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Spring has well and truly arrived in Melbourne. Farmers markets have a bounty of broad beans, golden beets, asparagus and baby artichokes, and tomato seedlings are ready for planting, hinting that summer is not too far away.


Spring also means farewell to winter greats – oranges and fennel – which have brightened many colder winter days, and go so well together. I am sad to say farewell to oranges in particular (though I know we can buy imported ones all year round). I just love pairing these two ingredients together – fennel and orange salad has been a staple through winter, though I seldom cook fennel. A couple of weeks ago I paired them in a roast chicken dish. I love cooking whole chickens – they feel like a celebration of spring. I was inspired by Alastair Little’s “Pollo alla Orvietana” – which has 40 cloves of garlic and 40 olives per chicken. I did not have the requisite chicken livers that were to be cooked with tiny cubes of potatoes for the stuffing. So I decided to substitute them for fennel and orange – to great success. The sweetness of the oranges pairs beautifully with the salty olives and the fennel. The garlic cloves are tossed in half way through cooking and roast in the juices at the base of the roasting pan, which has orange juice added, making them sweet as well as soft and creamy from roasting. The chicken remains very moist and is full of flavour. It is lovely served with a fresh green salad on the side and makes a festive Sunday lunch.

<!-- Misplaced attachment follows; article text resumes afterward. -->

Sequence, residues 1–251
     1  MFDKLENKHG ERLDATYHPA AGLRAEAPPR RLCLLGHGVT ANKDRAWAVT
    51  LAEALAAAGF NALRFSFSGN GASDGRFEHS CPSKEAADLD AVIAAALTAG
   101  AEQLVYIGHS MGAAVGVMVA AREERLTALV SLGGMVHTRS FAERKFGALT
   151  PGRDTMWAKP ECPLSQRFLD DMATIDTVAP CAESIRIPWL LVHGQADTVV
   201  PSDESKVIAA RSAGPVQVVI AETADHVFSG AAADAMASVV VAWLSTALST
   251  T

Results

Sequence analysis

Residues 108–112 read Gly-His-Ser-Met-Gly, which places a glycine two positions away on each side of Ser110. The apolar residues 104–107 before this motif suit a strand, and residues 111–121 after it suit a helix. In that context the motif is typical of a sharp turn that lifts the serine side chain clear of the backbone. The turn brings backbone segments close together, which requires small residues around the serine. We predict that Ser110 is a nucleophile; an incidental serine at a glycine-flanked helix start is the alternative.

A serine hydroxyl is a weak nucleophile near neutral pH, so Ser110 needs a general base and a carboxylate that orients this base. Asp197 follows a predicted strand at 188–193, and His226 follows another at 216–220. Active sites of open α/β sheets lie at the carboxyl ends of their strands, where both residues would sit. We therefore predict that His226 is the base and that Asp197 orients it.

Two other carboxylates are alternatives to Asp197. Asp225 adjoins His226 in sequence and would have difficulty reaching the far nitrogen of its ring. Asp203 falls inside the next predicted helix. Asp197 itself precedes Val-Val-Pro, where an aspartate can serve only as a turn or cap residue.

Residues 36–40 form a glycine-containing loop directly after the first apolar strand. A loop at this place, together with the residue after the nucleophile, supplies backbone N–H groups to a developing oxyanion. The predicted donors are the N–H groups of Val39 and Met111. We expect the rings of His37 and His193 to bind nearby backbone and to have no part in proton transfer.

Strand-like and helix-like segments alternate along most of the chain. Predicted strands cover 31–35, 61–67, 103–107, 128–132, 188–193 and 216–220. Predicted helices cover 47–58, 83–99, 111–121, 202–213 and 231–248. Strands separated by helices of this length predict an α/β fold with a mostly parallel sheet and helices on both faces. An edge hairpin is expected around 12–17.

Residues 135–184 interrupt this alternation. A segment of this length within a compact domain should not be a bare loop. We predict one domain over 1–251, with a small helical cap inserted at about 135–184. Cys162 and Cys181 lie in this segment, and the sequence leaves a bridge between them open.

Roast chicken with fennel and orange

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1 x 1.6 kilo (3lbs 10oz) free-range chicken [approx weight] 4tbsp-plus, good olive oil
salt and pepper
2 oranges
1 large potato, peeled and cut into 1cm (2/5 inch) dice
1⁄2 fennel bulb, chopped into 1 cm (2/5 inch) dice
1 bunch fennel herb, coarsely chopped
40 kalamata olives, stoned
40 large, firm garlic cloves in their skins
1⁄2 cup dry white wine
1 cup good quality chicken stock

Make the stuffing in advance – as it takes about an hour to prepare. Fry the chopped fennel and potatoes in the olive oil and gently cook until tender – you may need more oil here. Add the fennel fronds, half the olives, 1⁄2 of an orange (peeled, pith and pips removed and cut into small pieces), the juice of the other half of the orange, season well and set aside to completely cool.

Pre-heat the oven to 200C (390F) . Spoon as much of the stuffing as will fit into the cavity of the chicken without overfilling; place the rest – lubricated with a little olive oil – in an oven-proof dish. Rub the chicken all over with a little more olive oil and generously season. Place in a deepish casserole dish, on its side, and put in the oven to roast for 20 minutes. Turn onto its other side and continue roasting for a further 20 minutes. Finally, turn the right way up and throw in the garlic cloves. Turn the oven down a notch (to 180C/350F), put in the dish of extra stuffing and continue cooking for a further 40-50 minutes, adding the remaining olives for the last 10 minutes (or until the internal temperature of the chicken with a meat thermometer reaches 78C/172F).